• I use a Blackberry 10 device as a daily driver, and the main reason I continue to use Fedilab is that it’s maintained fantastic compatibility with older Android versions. This is incredibly important because BB10’s Android emulator runs KitKat.

Screenshots from F-Droid

Interview with Developer

1. Why did you create an all-in-one app as opposed to a dedicated one?

I published the first release of Fedilab on May 2017 (previously Mastalab) because I discovered the Fediverse through Mastodon few weeks ago. Then I discovered Peertube, and I wanted to keep the same logic of an app for the Fediverse. That’s also why the app uses many portion of code for working with different social networks. Other supports came later with user suggestions. Also, managing several apps will be resourceful (different projects, publications with a lot of common code).

2. As a solo developer, do you ever see yourself burning out? Would you bring other people to work on the project?

Yes, sometimes it’s hard to keep this motivation. That’s why encouraging messages are really useful. I mostly do know every weaknesses of the app. I do care of messages that criticize the app because they help to point out most important issues. But I have the help of several people for translations and also someone helping me in background.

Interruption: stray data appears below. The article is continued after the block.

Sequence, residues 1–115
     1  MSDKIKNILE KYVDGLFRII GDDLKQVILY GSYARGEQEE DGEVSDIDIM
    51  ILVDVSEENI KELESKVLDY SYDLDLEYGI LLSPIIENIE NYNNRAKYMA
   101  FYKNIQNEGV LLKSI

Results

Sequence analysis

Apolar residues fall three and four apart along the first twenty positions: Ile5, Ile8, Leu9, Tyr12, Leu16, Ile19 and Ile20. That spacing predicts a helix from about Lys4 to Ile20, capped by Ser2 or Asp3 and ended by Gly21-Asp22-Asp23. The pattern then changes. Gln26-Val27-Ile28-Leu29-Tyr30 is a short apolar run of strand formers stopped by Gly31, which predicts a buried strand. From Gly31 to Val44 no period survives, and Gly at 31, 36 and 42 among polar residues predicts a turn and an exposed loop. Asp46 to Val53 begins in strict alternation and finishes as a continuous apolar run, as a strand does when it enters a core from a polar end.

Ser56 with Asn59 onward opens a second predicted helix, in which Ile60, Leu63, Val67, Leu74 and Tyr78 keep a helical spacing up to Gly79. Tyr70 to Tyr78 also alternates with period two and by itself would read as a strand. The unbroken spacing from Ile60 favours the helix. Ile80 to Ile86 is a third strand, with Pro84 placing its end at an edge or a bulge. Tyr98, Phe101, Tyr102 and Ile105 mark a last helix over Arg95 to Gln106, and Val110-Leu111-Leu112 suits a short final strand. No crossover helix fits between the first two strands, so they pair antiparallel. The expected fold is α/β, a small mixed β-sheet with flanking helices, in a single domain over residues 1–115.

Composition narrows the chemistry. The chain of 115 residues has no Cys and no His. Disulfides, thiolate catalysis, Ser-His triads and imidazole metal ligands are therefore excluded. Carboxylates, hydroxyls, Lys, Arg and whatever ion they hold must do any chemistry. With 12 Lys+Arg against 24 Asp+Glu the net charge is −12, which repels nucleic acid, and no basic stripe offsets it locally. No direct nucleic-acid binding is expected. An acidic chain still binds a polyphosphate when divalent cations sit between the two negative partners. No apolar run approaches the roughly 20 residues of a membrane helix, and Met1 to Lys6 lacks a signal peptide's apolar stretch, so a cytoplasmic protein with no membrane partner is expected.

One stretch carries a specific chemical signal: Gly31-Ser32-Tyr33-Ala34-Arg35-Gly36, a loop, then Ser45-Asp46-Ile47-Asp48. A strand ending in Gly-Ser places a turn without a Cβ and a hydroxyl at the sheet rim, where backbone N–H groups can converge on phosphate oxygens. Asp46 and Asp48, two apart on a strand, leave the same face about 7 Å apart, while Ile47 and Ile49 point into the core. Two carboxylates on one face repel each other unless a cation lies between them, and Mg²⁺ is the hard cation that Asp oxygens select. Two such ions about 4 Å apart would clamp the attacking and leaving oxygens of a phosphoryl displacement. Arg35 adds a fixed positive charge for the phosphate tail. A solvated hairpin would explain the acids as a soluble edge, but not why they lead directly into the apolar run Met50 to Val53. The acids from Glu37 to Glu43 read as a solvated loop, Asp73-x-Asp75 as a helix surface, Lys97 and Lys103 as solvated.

3. How has the community been at suggesting things and reporting issues? Have you noticed your communication with them having an effect on how you handle the project?

Fedilab is simply built with feedback. I added a lot of features that could have been suggested or things I wanted. I really do care about people suggestions. That’s how the app grows up since its beginning.

4. Do you use your own app to browse the Fediverse? If so, how does it feel when you’re using it?

Yes, I mainly only use it. My critics would be the same than others. It’s slower and less smoothly than other apps. But, I can’t switch because I do need extra in-app features. I planned to fix all that bugs to let new ones come.


FediLab also has an official Mastodon; if you would like to donate to help cover server costs, Thomas has set up a Paypal.me. The source code for FediLab, alongside all of the other apps he has developed can be found on his GitLab.